Shorenstein APARC publishes joint report on North Korea's economy, approaches to analysis


A Chinese soldier stands at a bridge over the Yalu River on the China-North Korea border facing a mineral mine in Linjiang, China, April 8, 2008.
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North Korea’s economy continues to move ahead despite years of isolation and international trade restrictions. The economy is performing at a moderate rate with a mean GDP growth rate of 0.7 percent from 2004 to 2015, and appears to be a focus of the regime’s policy decision-making, researchers have found.

“The government has embraced markets as an acceptable and effective way to improve performance and enhance legitimacy but maintains the ability to regulate marketized activities,” SK Center Fellow Yong Suk Lee and Shorenstein APARC Fellow Thomas Fingar wrote in a joint report released today.

The report, available in English and Korean (forthcoming), is an outcome of research collaboration between the Shorenstein Asia-Pacific Research Center (APARC) and the Institute for National Security Strategy (INSS), a research body focused on national security policy that is part of the South Korean government.

Conducted over the course of six months, the collaboration included two roundtable meetings at Stanford and in Seoul with the report’s co-authors from the INSS, Kwang-Jin Kim and Hyung-Seog Lee, and Korea-focused scholars at Shorenstein APARC, including Gi-Wook Shin, director of the center; Kathleen Stephens, the William J. Perry Fellow; and Daniel Sneider, associate director for research.

“We set out with the research question ‘how is the current North Korean regime performing,’ and through our engagements with the INSS, were able to combine our expertise and look at the question from new and different angles,” said Shin, also a professor of sociology and director of the Korea Program, who initiated the collaboration.

The researchers participated in discussions and parsed through data and qualitative accounts, including surveys from the INSS and reporting by journalists. From their collaboration, they determined two approaches to understanding the country’s economic and institutional expansion since Kim Jong-un assumed power six years ago, both of which are outlined in the report.

Their first approach suggests that organizational and personnel changes in Kim Jong-un’s cabinet, key ministries and committees were undertaken, at least in part, to enact operational effectiveness and a more productive economy.

“There’s evidence that indicates new appointments by Kim Jong-un were intended to maintain or enhance the ability of the government to meet continuing and new policy objectives,” said Fingar, a political scientist with an emphasis on Northeast Asia.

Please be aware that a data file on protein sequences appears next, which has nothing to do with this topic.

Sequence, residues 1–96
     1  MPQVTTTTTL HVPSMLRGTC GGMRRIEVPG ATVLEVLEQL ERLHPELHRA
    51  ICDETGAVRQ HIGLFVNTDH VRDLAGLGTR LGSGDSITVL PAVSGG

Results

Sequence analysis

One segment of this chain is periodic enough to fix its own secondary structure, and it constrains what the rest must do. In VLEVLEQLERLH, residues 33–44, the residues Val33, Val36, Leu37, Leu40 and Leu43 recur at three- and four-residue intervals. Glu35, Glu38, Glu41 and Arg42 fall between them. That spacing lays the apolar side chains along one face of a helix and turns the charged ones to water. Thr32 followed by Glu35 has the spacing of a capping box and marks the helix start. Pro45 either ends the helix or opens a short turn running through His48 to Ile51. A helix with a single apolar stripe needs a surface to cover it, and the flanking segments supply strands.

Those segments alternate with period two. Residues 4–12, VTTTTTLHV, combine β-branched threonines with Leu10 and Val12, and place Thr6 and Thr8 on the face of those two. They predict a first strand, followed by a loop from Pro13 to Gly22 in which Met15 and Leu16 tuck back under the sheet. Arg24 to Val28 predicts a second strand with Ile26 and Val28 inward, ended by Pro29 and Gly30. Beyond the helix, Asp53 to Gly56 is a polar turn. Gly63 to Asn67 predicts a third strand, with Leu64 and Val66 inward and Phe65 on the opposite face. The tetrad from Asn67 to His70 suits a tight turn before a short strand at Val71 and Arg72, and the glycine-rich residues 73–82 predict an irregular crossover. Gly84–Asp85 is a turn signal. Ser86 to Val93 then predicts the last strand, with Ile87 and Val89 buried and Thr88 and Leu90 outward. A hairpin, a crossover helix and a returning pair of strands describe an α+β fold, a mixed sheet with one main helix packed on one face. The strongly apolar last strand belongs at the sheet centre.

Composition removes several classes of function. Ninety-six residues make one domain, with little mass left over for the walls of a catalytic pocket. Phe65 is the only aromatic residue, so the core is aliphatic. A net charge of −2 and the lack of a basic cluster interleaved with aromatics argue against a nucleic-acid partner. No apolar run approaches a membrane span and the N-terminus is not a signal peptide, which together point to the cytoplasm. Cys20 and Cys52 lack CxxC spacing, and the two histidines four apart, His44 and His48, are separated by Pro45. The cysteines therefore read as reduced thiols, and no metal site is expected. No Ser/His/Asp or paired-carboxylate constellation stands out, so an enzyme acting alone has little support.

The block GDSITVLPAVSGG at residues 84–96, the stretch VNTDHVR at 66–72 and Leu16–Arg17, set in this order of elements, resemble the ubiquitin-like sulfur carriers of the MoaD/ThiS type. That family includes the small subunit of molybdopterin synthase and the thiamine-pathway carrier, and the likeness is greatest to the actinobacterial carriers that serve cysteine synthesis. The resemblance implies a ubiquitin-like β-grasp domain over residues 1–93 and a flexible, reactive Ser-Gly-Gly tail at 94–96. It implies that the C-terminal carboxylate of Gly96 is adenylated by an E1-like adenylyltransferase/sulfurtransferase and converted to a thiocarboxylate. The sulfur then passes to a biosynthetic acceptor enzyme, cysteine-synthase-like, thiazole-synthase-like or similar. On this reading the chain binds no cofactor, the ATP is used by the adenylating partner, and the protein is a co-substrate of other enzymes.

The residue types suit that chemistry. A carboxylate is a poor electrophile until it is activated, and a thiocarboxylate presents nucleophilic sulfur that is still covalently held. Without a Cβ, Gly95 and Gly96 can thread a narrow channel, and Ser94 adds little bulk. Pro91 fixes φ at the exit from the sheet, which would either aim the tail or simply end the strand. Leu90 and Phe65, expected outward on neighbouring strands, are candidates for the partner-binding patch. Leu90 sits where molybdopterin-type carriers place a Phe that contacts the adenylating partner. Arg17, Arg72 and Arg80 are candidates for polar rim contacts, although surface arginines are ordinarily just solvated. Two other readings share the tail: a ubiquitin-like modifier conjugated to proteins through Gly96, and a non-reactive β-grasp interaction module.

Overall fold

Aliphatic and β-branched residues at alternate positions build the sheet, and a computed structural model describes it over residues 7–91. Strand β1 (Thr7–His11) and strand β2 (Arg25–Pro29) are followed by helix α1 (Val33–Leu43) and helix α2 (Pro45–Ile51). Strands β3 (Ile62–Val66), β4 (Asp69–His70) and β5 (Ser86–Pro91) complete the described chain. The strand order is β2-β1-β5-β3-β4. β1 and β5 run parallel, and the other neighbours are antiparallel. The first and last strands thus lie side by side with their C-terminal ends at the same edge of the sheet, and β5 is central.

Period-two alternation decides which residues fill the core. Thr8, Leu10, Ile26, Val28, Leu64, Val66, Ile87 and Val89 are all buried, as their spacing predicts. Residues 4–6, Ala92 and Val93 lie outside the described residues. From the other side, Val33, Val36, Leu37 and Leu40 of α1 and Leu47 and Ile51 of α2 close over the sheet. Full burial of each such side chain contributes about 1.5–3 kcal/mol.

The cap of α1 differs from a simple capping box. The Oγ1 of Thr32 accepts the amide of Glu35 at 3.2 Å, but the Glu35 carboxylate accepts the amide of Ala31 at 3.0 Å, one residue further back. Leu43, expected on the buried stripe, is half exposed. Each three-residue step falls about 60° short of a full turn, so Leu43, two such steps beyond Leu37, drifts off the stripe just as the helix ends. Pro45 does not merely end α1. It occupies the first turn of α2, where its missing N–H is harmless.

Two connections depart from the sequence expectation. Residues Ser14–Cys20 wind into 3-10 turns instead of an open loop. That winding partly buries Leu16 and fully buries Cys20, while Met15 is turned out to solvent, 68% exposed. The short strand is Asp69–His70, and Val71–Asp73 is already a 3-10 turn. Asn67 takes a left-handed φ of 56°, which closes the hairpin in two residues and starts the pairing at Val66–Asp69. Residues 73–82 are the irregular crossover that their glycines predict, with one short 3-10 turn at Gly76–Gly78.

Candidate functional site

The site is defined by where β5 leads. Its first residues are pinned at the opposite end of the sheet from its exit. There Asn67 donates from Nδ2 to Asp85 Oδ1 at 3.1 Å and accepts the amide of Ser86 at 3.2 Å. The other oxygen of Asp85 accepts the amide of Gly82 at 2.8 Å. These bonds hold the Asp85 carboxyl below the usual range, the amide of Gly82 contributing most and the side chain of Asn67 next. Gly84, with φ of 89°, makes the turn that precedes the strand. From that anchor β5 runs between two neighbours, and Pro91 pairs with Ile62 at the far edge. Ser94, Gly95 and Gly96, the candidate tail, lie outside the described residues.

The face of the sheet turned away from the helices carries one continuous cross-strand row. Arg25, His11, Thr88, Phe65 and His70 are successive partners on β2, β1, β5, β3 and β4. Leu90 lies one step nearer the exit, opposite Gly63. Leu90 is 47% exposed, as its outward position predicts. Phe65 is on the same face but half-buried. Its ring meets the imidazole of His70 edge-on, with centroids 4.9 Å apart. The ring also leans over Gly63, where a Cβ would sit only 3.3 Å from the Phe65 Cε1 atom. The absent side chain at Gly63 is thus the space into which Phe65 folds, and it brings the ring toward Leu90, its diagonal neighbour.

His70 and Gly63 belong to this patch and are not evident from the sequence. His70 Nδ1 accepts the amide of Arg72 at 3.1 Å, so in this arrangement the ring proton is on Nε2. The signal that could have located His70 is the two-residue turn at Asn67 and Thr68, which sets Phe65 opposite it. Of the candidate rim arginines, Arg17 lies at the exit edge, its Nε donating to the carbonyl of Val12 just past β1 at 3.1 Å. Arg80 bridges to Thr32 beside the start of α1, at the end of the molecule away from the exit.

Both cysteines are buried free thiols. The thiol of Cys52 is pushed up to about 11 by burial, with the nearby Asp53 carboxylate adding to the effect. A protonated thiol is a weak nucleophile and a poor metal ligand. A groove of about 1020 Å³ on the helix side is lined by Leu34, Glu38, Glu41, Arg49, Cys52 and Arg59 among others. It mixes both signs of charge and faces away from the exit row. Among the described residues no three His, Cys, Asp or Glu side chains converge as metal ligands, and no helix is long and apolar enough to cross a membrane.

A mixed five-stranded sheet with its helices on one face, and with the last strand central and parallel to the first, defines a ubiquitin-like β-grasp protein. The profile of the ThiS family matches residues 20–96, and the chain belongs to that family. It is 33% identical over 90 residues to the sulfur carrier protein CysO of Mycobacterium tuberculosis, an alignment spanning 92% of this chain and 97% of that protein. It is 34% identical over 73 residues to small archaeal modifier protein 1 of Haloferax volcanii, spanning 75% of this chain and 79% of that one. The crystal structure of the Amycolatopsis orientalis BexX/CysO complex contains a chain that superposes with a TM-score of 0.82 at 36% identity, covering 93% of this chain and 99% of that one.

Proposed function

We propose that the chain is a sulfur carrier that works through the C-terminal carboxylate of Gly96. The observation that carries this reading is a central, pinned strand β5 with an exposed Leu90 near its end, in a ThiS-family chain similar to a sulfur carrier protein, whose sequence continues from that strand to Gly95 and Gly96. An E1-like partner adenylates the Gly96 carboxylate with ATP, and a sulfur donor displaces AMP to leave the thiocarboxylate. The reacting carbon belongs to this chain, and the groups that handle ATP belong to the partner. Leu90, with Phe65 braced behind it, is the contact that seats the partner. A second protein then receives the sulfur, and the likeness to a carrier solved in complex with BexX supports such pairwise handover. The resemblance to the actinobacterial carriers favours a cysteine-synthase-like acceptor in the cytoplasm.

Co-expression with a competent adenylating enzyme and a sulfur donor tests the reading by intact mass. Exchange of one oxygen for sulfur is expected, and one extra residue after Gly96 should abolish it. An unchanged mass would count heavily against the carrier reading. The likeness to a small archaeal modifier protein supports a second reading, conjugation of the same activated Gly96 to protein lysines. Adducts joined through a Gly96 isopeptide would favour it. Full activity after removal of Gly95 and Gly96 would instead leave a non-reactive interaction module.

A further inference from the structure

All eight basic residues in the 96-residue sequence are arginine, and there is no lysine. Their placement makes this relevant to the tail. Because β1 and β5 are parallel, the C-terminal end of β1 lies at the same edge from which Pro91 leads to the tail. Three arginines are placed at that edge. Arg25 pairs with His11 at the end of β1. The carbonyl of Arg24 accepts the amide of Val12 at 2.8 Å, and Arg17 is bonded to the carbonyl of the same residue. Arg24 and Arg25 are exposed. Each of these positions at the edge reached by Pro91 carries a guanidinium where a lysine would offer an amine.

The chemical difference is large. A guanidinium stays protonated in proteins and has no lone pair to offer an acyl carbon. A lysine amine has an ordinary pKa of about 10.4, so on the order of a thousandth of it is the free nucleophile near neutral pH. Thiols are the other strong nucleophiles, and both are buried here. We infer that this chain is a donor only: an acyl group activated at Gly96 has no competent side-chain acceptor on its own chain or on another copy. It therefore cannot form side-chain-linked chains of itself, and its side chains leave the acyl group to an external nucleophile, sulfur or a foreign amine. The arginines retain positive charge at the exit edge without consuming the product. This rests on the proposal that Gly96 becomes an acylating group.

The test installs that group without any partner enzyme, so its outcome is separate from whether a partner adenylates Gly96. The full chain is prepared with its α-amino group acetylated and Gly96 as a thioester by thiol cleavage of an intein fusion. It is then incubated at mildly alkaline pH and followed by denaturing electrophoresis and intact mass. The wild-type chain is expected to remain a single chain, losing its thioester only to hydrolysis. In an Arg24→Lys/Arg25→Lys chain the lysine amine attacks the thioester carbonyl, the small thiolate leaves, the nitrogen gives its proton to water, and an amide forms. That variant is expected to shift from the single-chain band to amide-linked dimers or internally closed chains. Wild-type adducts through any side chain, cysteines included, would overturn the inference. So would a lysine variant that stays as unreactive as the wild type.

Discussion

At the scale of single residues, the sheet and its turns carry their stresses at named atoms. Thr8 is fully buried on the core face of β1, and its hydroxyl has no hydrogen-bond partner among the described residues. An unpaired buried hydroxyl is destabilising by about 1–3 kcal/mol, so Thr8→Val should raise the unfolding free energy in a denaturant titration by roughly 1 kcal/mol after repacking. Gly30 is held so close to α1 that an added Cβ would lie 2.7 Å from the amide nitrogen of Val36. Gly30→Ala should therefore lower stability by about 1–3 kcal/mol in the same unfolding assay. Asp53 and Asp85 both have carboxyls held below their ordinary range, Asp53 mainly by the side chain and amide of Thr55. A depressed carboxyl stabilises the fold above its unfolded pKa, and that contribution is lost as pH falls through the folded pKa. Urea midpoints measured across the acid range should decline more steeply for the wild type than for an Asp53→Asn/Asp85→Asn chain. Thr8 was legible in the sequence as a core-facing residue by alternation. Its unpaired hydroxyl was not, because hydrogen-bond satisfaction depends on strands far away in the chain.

Kim Jong-un has attempted to consolidate control by removing at least two-dozen officials in the government’s main governing body – the Korean Workers’ Party, and in some cases, promoting them to different positions.

In the report, the researchers mapped the systems of North Korea’s three rulers since its founding in 1948 and the significant leadership changes under Kim Jong-un, noting that recent vice-premier promotions have included new economic responsibilities.

Personnel changes in the military have also involved positions responsible for oversight of foreign relations, commerce, oil and statistics, which suggest that officials are judged not only on their loyalty to the regime, but also on their performance at the job, Fingar said.

Their second approach suggests that North Korea’s improved economic performance is linked to its expansion of markets, and since 2009, its increased trade and investment with China.

“While the government maintains the ability to regulate market activities, North Korea’s growing dependence on the ‘private sector’ is a sign of the priority assigned to it and of its movement away from a socialist-style economy,” said Lee, an economist and deputy director of the Korea Program.

Officially licensed markets in North Korea have been estimated to number in the hundreds and the government collects taxes from them. There also exists a similar estimate for unofficial markets operating in the country, according to data cited in the report.

The researchers said it is improbable that North Korea will abandon market-oriented activities and capital inflows from outside its borders, particularly from China, in a time of tightening sanctions from the U.N. Security Council and other countries in response to North Korea’s repeated nuclear and missile tests.

“Taken together or apart, the two approaches we’ve put forth provide a comprehensive puzzle for future study,” said Lee. “We hope this report brings additional lenses that researchers can apply to analyze the performance of the North Korean regime and that policymakers can use to assess the efficacy of international sanctions.”